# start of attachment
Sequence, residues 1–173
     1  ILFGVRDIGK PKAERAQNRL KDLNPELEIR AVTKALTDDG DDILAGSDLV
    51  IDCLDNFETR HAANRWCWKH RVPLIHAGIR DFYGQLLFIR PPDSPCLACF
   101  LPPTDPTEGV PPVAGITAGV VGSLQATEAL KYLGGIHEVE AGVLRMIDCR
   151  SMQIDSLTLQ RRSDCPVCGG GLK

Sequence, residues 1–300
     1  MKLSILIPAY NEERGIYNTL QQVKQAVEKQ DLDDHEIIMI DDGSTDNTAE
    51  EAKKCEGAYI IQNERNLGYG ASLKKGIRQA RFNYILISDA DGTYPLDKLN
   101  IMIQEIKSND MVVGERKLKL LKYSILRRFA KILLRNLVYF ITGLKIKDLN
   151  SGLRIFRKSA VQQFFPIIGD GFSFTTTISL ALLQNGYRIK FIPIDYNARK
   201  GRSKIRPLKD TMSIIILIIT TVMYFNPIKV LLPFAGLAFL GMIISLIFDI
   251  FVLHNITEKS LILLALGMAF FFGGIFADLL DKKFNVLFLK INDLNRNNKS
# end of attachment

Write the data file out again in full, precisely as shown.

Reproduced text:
Sequence, residues 1–173
     1  ILFGVRDIGK PKAERAQNRL KDLNPELEIR AVTKALTDDG DDILAGSDLV
    51  IDCLDNFETR HAANRWCWKH RVPLIHAGIR DFYGQLLFIR PPDSPCLACF
   101  LPPTDPTEGV PPVAGITAGV VGSLQATEAL KYLGGIHEVE AGVLRMIDCR
   151  SMQIDSLTLQ RRSDCPVCGG GLK

Sequence, residues 1–300
     1  MKLSILIPAY NEERGIYNTL QQVKQAVEKQ DLDDHEIIMI DDGSTDNTAE
    51  EAKKCEGAYI IQNERNLGYG ASLKKGIRQA RFNYILISDA DGTYPLDKLN
   101  IMIQEIKSND MVVGERKLKL LKYSILRRFA KILLRNLVYF ITGLKIKDLN
   151  SGLRIFRKSA VQQFFPIIGD GFSFTTTISL ALLQNGYRIK FIPIDYNARK
   201  GRSKIRPLKD TMSIIILIIT TVMYFNPIKV LLPFAGLAFL GMIISLIFDI
   251  FVLHNITEKS LILLALGMAF FFGGIFADLL DKKFNVLFLK INDLNRNNKS